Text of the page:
The Work of an Incompetent Scribe

There are other characteristics of this old Ms. which have to be taken into consideration if a correct estimate of its evidential value is to be reached. Thus, there are internal evidences that lead to the conclusion that it was the work of a scribe who was singularly careless, or incompetent, or both. In this Ms. the arrangement of the lines is peculiar, there being four columns on each page, each line containing about twelve letters-all capitals run together. There is no attempt to end a word at the end of a line, for even words having only two letters as en, ek, are split in the middle, the last letter being carried over to the beginning of the next line, though there was ample room for it on the line preceding. This and other peculiarities give us an idea of the character and competence of the scribe.

But more than that, Dr. Scrivener says: “This manuscript must have been derived from one in which the lines were similarly divided, since the writer occasionally omits just the number of letters which would suffice to fill a line, and that to the utter ruin of the sense; as if his eye had heedlessly wandered to the line immediately below.” Dr. Scrivener cites instances “where complete lines are omitted,” and others “where the copyist passed in the middle of a line to the corresponding portion of the line below.

From this it is evident that the work of copying was done by a scribe who was both heedless and incompetent. A careful copyist would not have made the above and other mistakes so frequently; and only the most incompetent would have failed to notice, upon reading over the page, and to correct, omissions which utterly destroyed the sense.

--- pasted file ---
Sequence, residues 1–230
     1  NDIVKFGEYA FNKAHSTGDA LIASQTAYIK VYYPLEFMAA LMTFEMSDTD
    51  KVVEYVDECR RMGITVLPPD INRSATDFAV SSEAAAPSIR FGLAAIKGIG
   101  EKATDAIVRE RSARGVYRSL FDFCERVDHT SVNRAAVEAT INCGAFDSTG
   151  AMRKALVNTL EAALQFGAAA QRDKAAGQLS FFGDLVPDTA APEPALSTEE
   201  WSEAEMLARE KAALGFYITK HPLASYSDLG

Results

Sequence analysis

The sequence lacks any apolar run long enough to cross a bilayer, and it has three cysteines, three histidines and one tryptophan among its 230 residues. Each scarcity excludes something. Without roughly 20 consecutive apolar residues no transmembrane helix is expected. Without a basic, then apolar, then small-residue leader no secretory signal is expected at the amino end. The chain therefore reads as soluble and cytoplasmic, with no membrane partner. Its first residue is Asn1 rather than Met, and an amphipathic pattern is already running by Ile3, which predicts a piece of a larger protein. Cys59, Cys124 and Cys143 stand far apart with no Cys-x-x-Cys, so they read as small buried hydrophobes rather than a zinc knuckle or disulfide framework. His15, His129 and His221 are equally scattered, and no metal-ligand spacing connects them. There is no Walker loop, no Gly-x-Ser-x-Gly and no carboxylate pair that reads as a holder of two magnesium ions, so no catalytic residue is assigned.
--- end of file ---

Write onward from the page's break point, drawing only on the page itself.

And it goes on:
Dr. Scrivener’s judgment on this feature of the case is entitled to the utmost confidence, not only because of his great ability as a textual critic, but because, being impressed, as all antiquarians were, with the importance of Tischendorf’s discovery, it was solely from a sheer sense of duty and honesty, and with manifest reluctance, that he brought himself to point out the defects of the manuscript. Therefore, the following admission made by him carries much weight:

“It must be confessed indeed that the Codex Sinaiticus abounds with similar errors of the eye and pen, to an extent not unparalleled, but happily rather unusual in documents of first rate importance; so that Tregelles has freely pronounced that ‘the state of the text, as proceeding from the first scribe, may be regarded as very rough.'”

Speaking of the character of the two oldest Mss. Dean Burgon says:

“The impurity of the text exhibited by these codices is not a question of opinion but of fact …. In the Gospels alone Codex B (Vatican) leaves out words or whole clauses .no less than 1,491 times. It bears traces of careless transcription on every page. Codex Sinaiticus ‘abounds with errors of the eye and pen to an extent not indeed unparalleled, but happily rather unusual in documents of first-rate importance.’ On many occasions 10, 20, 30, 40 words are dropped through very carelessness. Letters and words, even whole sentences, are frequently written twice over, or begun and immediately cancelled; while that gross blunder, whereby a clause is omitted because it happens to end in the same words as the clause preceding, occurs no less than 115 times in the New Testament.”